Skip to main content

The Ouija Experiment

After the completely predictable failure of Battleship, someone still thought, "Hey! Let's make another movie based on a board game!" Enter Ouija. Unsurprisingly, this movie was also a flop. This financial failure was not great enough to keep some idiots from banging out a cheap, imitation they hoped would ride Ouija's coattails to success. Yet another brilliant idea. Or not. This brings us to my most recent wasted night on the couch with The Ouija Experiment.

Here's the gist:
For an unknown reason, a film student from NYC goes to Dallas with an Asian girl (who may be an escort or a hooker or a porn star) to film a "mysterious" event she won't tell him anything about. There's no explanation for how these two met and no obvious reason he'd want to film said event. Turns out, she's not an escort and the "event" she's taking him to is a "surprise" the boyfriend's best friend has set up. We will come to find out that even she doesn't know what the event is, making it even more unclear why this filmmaker is interested in traveling a few thousand miles to film it. The group decides to use a ouija board and eventually "let's out" some evil spirits. Thankfully, people die.

The Ouija Experiment is ludicrously bad; definitely some of the worst acting I've ever seen on top of some of the worst writing in the history of the world. Give you an example? Alright. The characters in the movie are supposed to be best friends with a long history, when someone tells one of them that the whole central "mystery" of the movie is tied to a specific street address, she doesn't realize it's her friend's home address.

I may be getting soft in my old age but, I don't even have enough hate in my heart to write anything else nasty about this worthless movie.

Sit through The Ouija Experiment trailer here and save yourself the immense suffering of watching the actual movie:

Comments

Popular posts from this blog

Rebuttal: 17 Disturbing Horror Movies You Will Never Watch Again

When I'm not watching movies, I'm reading about movies. I stumble across all kinds of articles, blog posts, book excerpts, etc. in my quest to absorb as much movie knowledge as possible.

Now, I'm snotty and loud-mouthed and opinionated but I'd never begrudge another human their opinion. Seriously. You're absolutely welcome to have any opinion about any thing you want. However, I must warn you, if I think your opinion is stupid, I'm absolutely going to say so.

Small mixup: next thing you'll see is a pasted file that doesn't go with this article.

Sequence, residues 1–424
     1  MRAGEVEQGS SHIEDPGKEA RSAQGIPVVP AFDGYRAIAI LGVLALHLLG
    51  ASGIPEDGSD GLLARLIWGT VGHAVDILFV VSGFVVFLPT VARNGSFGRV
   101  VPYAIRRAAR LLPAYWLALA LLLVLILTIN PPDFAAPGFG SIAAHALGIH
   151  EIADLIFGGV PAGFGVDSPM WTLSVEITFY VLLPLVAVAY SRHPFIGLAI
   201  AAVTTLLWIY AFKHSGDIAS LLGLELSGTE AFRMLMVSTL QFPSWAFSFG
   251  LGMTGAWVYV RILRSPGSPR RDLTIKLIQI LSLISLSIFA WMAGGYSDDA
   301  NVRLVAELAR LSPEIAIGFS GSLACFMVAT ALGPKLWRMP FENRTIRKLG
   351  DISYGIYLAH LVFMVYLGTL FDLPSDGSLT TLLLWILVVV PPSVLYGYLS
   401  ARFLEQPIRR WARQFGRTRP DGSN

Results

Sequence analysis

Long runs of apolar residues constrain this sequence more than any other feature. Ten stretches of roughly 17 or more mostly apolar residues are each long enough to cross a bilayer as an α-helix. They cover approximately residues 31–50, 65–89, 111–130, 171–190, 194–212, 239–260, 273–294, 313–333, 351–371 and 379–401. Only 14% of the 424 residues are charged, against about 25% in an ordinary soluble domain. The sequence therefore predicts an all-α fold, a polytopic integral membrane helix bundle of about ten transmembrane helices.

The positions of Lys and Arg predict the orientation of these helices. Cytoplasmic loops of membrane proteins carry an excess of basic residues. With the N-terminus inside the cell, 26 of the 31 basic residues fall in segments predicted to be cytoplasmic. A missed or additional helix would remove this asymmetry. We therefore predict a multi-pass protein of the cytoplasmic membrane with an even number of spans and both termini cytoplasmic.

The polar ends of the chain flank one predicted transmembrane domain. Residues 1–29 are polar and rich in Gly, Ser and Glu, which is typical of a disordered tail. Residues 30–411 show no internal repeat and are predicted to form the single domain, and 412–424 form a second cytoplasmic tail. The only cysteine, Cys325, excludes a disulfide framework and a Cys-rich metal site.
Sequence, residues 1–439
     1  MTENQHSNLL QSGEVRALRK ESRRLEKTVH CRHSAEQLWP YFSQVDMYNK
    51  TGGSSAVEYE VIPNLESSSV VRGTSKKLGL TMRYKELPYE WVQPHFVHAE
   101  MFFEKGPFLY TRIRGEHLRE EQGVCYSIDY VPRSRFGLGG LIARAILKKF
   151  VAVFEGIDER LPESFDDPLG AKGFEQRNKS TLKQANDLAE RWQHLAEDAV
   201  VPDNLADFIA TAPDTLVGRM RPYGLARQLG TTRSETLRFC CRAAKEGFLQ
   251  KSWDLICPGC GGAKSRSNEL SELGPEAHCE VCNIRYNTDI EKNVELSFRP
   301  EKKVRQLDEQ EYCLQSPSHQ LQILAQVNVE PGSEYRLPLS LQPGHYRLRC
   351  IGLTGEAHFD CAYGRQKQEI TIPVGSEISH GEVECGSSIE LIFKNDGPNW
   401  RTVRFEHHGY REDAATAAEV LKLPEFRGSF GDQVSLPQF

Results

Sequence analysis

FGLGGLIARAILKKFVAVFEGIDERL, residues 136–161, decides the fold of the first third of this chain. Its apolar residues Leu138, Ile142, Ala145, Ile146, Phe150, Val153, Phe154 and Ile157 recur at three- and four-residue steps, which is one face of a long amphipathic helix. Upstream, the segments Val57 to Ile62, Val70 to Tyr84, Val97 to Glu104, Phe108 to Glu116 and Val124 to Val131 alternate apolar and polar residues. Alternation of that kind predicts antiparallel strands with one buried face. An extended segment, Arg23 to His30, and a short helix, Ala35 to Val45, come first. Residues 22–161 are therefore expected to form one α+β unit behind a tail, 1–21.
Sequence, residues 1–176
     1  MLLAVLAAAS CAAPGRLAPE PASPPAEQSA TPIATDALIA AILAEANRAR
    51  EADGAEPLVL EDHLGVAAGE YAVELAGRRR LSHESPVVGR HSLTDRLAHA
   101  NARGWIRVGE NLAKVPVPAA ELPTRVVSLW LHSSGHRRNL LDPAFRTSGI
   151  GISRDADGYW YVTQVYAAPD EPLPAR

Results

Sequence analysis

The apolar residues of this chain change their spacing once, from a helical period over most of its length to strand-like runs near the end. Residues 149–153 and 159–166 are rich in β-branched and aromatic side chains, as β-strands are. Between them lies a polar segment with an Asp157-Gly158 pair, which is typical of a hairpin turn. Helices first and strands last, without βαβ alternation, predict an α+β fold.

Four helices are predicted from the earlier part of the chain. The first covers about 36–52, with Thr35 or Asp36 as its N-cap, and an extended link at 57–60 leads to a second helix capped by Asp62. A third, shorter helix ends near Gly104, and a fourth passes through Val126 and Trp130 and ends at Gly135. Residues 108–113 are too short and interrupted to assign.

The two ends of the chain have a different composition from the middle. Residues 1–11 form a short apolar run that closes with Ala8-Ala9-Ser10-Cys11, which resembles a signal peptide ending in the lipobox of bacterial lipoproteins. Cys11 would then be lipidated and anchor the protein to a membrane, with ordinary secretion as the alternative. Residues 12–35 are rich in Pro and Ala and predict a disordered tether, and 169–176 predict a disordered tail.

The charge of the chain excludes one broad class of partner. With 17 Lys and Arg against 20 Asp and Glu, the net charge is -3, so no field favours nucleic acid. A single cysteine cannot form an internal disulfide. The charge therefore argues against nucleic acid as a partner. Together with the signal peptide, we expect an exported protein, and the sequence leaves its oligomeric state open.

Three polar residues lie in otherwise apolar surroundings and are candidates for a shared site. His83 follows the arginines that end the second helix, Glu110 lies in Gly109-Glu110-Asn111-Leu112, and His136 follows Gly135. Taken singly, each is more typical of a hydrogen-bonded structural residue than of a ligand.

I've recently stumbled on an article completely brimming with so many idiotic opinions that I'm actually compelled to craft a response.

Here's the gist of the original article: there are some horror movies out there that are so disturbing, you'll only ever want to watch them once. I've have taken her original list and refuted her claims without pulling her entire article over. You can read the original article here.

Let's start at the beginning, with her opening statement:
"Hor…

But The Flesh Is Weak: Cronenberg's Body Horrors

Body horror; something that effects each one of us as we are made of squishy, fallible, and finite flesh. Tackled many times in many ways throughout the years, body horror will stick with us until we finally learn to lose these weak, human bodies and begin existing in some other form.

There are many lenses through which to view body horror, lets talk about a few quickly before talking about some specific films in this genre.


Science and Technology
We depend on technology, especially in regards to our flimsy, fleshy bodies. Hip replacements, new hearts, brain surgery, iron lungs, cheek implants, etc. We have limited abilities and a limited lifespan, so we lean on technology to increase both. But what happens when we take that melding of mechanical and organic too far? Horror and scifi have taught us that going too far can lead to frighteningly devastating consequences and monstrous creations. (SpeciesRobocopFrankenstein, etc.)


Gender
Much of body horror is related to or revolves arou…

The Babadook

Spoilers and typos! Enjoy.

We often look back nostalgically on childhood, envious of the joy we felt and the boundless imaginations we possessed. How conveniently we forget the other side of that coin: as children, we experience a depth of terror our adult selves continually try to recreate for cathartic entertainment.

When we try to bring those childhood fears to life on the screen, we often end up with movies about "things that go bump in the night," which is a somewhat superficial approach. While it does provide an opportunity for a supernatural experience, it ignores the root of our fear: the unknown. As children, we lack life experience. We lack nuance. We lack understanding. Not knowing creates in us fear. Yes, we fear what lurks in the darkness but we also fear the adult world because we do not understand how it works. The Babadook works to exploit both those fears.

The short story: a widowed mother of a young boy experiences a mental breakdown and tries to murder he…